In conclusion, the architectural design of the Bianchi House is a masterpiece in the industry since it reflects the elemental solids as illustrated by Le Corbusier. It is unique and designed to suit the location perfectly without blocking the environmental view. However, the design fails to embrace the typical architecture of houses where the entrance is at the ground or lower levels of a building. Instead, it provides a creative and significant architectural design different from the standard procedures regarding the family needs, design principles and environmental conservation.

Use of Materials Theme in the Bianchi House


Every building or construction depends on specific materials to suit the desired structure. Several factors determine the type and use of materials in the construction process, such as topography, soil type, and altitude. The Bianchi House embraced the usof several materials to ensure rigidity in its location, including concrete and metal. The steep slope and the nature of the environment dictated the use of rigid and robust materials to withstand other forces such as erosion, among other factors that may lead to the breaking down of the structure. This section embraces the use of material concerning the Bianchi House.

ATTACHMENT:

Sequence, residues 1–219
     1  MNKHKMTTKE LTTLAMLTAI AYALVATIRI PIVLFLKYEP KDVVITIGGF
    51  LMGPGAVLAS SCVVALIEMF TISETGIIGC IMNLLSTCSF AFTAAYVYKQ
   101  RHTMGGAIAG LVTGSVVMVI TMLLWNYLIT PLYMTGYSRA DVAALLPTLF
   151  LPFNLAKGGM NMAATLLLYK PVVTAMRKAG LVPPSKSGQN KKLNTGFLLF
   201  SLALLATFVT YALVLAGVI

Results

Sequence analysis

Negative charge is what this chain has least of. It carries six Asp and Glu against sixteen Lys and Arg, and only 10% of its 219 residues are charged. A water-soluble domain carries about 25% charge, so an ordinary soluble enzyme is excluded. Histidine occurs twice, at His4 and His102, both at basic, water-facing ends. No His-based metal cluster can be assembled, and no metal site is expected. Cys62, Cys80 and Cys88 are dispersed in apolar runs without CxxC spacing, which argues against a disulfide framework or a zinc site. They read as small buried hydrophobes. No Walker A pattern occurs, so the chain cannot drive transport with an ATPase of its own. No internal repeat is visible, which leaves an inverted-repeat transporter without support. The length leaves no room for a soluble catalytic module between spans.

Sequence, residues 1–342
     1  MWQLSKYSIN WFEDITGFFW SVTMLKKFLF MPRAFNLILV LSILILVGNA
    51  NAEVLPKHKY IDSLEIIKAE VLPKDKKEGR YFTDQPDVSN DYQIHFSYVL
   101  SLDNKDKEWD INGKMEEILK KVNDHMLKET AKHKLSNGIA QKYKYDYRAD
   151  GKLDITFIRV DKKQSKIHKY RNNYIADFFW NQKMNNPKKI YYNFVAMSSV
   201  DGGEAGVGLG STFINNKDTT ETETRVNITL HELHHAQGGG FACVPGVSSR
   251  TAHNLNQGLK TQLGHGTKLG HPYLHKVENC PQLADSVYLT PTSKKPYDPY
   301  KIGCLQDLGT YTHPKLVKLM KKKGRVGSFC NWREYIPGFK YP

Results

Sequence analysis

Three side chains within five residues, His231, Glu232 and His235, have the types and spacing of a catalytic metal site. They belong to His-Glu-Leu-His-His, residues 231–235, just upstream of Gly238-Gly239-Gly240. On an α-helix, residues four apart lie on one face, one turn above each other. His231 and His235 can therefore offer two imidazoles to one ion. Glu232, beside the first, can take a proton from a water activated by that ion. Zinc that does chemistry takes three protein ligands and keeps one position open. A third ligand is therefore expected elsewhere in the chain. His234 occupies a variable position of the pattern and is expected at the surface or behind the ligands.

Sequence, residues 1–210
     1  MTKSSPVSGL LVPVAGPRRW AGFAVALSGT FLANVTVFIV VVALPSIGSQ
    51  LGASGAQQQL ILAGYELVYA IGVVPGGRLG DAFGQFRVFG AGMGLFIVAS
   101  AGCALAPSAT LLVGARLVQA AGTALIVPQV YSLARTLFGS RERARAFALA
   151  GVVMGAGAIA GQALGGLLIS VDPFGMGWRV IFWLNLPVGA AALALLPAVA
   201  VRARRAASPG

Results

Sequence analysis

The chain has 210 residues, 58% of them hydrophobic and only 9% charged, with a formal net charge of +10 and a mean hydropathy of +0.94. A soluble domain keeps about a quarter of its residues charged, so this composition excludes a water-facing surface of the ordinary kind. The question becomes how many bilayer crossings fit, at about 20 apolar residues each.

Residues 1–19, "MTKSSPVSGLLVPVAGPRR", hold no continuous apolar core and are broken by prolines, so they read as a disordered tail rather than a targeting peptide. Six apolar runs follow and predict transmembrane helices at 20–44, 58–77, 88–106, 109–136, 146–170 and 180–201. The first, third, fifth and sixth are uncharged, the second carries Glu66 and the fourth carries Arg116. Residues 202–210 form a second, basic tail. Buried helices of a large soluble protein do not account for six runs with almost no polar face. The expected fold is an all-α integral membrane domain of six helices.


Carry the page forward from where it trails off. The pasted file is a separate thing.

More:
The Use of Materials

According to McCormick and Bradford Robert (2021), the red metal bridge was designed by Botta to link the house to the road situated at the top of the hill[8]. The metal bridge was made to withstand the changing temperatures on the mountain since metals allow expansion and contraction based on the temperature levels. A concrete bridge would have suited the house, but the metal bridge worked perfectly since it was not designed to withstand heavy objects. Metal is also light compared to concrete; hence since the bridge is located on top of the house, it would not put pressure on the house, causing a building collapse and offering a floating-like experience. It is also worth mentioning that the house was generally built using concrete due to its ability to withstand harsh conditions, especially on top of the mountain.